MAY 2023 BUILDING MATERIAL MARKET REFLECTION
If we had to sum up the commodity market for May in one word, it would be “Apathetic.” Mill curtailment announcements and significant forest fires raging throughout Alberta could not raise the pulse of the market and convince buyers to move away from lean inventory position.
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Lumber prices showed minor changes for the month with 2×4 (-1%) and 2×6 (-5%) and 2×8(-4%) and 2×10(-9%) remaining a bit softer. Studs settled for the month in a +3% to -3% range. Mill order files range from prompt shipment to 1-2 weeks depending on the item.
OSB finished last month strong but could not carry that momentum into May. Showing a modest increase of +5%. Mills have pushed order files through June so we can expect prices to stay flat for the next few weeks.
Plywood could not build off lasts months uptick, finishing with a -2% change month over month. Mill order files are currently out 1-2 weeks, a good indication we may see price decreases as mills look to build order files.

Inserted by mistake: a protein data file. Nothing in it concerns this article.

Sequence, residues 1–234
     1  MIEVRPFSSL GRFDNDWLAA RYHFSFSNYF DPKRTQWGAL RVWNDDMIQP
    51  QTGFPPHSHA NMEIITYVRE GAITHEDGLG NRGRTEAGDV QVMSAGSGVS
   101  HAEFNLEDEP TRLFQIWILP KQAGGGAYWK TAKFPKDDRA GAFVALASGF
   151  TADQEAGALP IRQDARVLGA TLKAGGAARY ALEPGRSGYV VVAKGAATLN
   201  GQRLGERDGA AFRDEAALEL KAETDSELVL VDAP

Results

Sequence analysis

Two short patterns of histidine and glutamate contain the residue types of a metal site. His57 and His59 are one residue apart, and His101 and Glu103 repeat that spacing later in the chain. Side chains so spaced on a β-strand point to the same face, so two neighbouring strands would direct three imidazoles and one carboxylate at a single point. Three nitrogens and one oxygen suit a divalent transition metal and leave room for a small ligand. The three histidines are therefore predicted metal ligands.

Truss orders picked up in May and look like they will be strong for June in the local market. EWP supply continues to be very good with no supply issues to report.
The supply chain continues to be particularly good in most products, outside of the odd logistical issue most products are arriving on the scheduled delivery dates. Exterior drywall supply continues to improve as well. We are seeing price decreases continue to hit the market as most raw material costs continue to go down.
Looking Through the Crystal Ball
With lumber curtailments and forest fires failing to excite the market, it’s added to the confusion of most mills and traders who are looking to find some traction in this sideways market. Buyers to continue to run inventories lean and play around the fringes looking for the best deals, knowing prompt shipment is readily available. Reports of an abundance of Euro wood in the U.S. seems to have stalled domestic pricing. Continued negative economic reports out of the U.S. also adds to the cautious approach by buyers. It seems to feel more and more like we could be staying in this narrow trading range for much of the summer if we don’t see a significant increase in demand or a significant decrease in supply. Many producers posted negative first quarter earnings, indicating they are trading at or below breakeven levels, which appears to set the stage for further curtailments.